Above, a gallery of proof that Tab Hunter is a hot, hot piece!
A few weeks back, my buddy John invited me to see Tab Hunter at a screening of the Jeffrey Schwarz-directed documentary on his life, Tab Hunter Confidential. I'd already been trying to get tickets to no avail (the Film Forum Web site was touting the movie, but not allowing a ticket to be bought), so was happy when he snagged us seats. (If you're a jealous Long Islander, see Tab tonight at the Cinema Arts Centre!)
I, of course, always forget I am a media outlet and buy tickets to stuff like this. In fast, last week, I was invited to interview Hunter and his longtime partner and business partner Allan Glaser (I'll post that this week), so it seems I could've had a free ticket.
Tab Hunter and Allan Glaser at the October 12, 2015, screening of Tab Hunter Confidential in NYC
However, I do like paying for things that need the money, and small documentaries need the money; I want more of them to be made, especially the ones made by Schwarz, who has fulfilled many a gay fantasy by giving us in-depth looks at Jack Wrangler, Vito Russo, Divine and—next!—Allan Carr.
Look at the range of men among Schwarz's subjects: a gay (for pay?) pornstar, a firebrand activist, a pioneering drag queen and, in Hunter, an obsessively private teen heartthrob with a gigantic secret. This is a filmmaker I am happy to support.
The screening was a blast.
John's hubby Sheldon had actually been a fan of Tab's back in the day—rank amateurs such as myself first became aware of him once he had what've-I-got-to-lost himself in the John Waters masterpiece Polyester (1981), and then worked our way backward—and had seen Tab on Broadway in the ill-fated production of Tennessee Williams's The Milk Train Doesn't Stop Here Anymore, in which the blond heartthrob had starred with Tallulah Bankhead. That only ran three performances, so you can imagine how many people on earth can claim to have caught one.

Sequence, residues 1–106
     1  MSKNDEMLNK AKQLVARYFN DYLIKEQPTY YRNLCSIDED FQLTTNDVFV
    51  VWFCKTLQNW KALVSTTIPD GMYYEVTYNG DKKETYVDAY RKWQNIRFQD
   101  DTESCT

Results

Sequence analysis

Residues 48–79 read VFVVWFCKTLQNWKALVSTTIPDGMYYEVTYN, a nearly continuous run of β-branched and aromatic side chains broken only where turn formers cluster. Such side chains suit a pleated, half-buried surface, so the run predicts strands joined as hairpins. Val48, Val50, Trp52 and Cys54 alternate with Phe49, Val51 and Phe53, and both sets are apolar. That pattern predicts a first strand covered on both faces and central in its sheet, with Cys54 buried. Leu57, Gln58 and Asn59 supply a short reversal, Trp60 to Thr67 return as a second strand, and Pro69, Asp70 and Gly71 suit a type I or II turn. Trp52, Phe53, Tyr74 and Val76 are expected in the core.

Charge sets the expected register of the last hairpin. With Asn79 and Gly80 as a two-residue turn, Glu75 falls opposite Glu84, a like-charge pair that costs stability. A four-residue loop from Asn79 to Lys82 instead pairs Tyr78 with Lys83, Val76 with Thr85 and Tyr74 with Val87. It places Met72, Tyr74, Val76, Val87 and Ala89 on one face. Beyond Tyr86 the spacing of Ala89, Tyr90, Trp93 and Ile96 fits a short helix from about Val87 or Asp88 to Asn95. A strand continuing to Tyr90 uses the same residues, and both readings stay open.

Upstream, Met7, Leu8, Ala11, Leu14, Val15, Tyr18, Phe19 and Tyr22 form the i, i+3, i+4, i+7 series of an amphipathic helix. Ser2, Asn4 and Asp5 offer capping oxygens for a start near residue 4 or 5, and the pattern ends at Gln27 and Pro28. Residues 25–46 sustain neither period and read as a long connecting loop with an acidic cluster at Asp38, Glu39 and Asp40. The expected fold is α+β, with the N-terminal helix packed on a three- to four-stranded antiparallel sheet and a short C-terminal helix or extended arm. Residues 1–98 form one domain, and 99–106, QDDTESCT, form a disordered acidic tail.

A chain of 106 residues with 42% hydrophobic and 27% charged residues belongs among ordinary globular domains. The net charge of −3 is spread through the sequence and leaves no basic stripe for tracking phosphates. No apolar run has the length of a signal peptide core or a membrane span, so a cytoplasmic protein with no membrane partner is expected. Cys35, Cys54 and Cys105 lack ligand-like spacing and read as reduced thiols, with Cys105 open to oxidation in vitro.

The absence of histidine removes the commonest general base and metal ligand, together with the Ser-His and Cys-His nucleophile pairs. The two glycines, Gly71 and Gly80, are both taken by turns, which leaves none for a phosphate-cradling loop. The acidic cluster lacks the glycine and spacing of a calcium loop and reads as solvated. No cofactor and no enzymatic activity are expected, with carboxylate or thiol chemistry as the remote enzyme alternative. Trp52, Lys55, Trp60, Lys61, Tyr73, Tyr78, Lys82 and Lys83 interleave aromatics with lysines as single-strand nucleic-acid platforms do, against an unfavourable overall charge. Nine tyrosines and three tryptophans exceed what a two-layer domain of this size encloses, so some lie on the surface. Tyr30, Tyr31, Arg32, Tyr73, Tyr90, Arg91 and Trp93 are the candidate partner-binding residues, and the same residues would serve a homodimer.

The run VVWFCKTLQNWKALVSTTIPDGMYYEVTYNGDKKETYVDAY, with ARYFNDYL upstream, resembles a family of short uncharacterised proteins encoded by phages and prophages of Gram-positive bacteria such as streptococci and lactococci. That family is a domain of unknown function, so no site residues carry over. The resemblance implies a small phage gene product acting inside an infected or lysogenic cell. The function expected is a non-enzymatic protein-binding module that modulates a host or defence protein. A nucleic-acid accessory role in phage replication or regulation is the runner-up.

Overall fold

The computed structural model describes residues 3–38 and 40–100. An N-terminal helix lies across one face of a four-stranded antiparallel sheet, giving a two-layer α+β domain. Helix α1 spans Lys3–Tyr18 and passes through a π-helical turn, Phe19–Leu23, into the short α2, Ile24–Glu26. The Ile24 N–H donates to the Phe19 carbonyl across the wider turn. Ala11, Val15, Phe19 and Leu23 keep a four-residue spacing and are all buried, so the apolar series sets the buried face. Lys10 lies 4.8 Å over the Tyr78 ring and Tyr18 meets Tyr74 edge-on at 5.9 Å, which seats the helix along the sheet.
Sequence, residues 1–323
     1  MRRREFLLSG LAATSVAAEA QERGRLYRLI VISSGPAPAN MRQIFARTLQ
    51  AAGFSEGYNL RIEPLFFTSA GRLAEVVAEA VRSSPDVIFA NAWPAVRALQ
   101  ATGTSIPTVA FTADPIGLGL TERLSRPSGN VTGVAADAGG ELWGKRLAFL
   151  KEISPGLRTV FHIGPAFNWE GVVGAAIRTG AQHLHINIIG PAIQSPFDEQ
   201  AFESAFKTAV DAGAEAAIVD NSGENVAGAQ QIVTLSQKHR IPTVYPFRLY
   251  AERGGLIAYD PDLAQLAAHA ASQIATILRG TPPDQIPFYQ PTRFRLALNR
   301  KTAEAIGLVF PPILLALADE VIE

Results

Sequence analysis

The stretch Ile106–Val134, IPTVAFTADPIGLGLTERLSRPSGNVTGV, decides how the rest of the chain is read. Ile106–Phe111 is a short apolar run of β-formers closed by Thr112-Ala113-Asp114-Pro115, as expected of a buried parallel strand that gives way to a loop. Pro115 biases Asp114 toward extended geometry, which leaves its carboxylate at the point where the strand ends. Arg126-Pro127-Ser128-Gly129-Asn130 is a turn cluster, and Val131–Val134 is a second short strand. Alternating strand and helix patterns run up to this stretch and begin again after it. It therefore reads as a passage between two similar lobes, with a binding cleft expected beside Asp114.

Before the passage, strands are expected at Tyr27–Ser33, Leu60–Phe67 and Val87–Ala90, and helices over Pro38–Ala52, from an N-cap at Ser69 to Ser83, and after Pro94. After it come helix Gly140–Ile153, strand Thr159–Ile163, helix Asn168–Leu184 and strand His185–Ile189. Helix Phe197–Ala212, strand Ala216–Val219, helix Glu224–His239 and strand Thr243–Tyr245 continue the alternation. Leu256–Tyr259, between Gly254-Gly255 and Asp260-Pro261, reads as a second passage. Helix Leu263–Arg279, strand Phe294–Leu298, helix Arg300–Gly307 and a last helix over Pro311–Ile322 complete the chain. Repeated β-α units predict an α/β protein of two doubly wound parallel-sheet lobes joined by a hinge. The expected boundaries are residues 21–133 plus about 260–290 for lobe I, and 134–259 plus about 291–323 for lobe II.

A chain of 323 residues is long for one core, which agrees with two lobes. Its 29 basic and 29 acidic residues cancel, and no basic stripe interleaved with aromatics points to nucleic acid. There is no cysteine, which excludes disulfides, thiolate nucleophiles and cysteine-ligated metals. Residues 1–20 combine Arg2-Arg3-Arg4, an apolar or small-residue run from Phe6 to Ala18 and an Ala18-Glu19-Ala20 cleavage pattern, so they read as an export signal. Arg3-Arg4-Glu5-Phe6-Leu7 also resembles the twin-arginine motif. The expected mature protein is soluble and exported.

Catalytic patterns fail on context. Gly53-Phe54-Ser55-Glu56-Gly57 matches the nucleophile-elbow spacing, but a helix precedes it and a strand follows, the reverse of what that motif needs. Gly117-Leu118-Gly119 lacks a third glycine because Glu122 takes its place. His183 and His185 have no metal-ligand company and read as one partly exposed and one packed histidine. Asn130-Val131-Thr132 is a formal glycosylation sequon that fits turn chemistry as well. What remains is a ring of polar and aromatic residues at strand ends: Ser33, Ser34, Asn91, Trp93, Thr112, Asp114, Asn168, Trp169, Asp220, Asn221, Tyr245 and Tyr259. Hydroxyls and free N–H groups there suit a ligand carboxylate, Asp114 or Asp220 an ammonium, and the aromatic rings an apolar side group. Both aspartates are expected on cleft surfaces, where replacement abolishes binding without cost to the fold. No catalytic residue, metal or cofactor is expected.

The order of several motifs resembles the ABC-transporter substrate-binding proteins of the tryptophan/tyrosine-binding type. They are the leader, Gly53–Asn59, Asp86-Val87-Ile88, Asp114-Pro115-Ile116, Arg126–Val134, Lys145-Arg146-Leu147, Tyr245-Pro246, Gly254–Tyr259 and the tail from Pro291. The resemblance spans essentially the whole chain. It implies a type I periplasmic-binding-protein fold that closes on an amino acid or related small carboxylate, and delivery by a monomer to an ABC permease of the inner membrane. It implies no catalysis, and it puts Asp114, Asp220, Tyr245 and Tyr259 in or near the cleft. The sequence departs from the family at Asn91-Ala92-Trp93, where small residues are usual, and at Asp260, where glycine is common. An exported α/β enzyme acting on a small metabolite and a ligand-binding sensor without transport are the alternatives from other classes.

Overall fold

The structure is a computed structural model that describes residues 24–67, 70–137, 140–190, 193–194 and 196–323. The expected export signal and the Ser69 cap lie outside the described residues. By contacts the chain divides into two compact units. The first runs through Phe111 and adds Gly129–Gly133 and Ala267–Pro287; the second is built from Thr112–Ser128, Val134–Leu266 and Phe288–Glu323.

The place was packed with people like Sheldon who had a legit interest in Tab, and in showbiz. For example, I sat next to a charming man who barely hinted at his résumé, which I later discovered included directing 100+ TV shows ... even one of my favorite Twilight Zone episodes. He said he knew Tab in passing but knew Tony Perkins—one of Tab's loves—“better.” I'm looking forward to lunch with this guy!
I do hope the director is a bit more gossipy than Tab is. Though he has become far more open with the 2006 publication of his memoir Tab Hunter Confidential: The Making of a Movie Star (Algonquin Books) with writer Eddie Muller, and now with this film, Tab is old-school—he doesn't enjoy dishing the dirt. That's both an admirable and a frustrating trait.
The film itself is a solid work that at times feels like a sunny recitation of Tab's good qualities—he is sincere, he is hard-working, he seems never to have let fame go to his head (think of him as a saner, better-looking Bieber), he is loyal, he is beautiful. Because Hunter and Glaser (who produced the film, and who produced Hunter's flicks Lust in the Dust in 1985 and Dark Horse in 1992) had such control over this project, it was always going to have a distinctly “authorized” quality.
Dietrich (L) and Riefenstahl (R) making an Anna May Wong sandwich in '28.
New book explores good and evil via the parallel existences of German powerhouses Marlene Dietrich and Leni Riefenstahl. Dietrich, of course, opposed and despised and worked against Hitler; Riefenstahl opportunistically embraced him. This sounds like a must-read.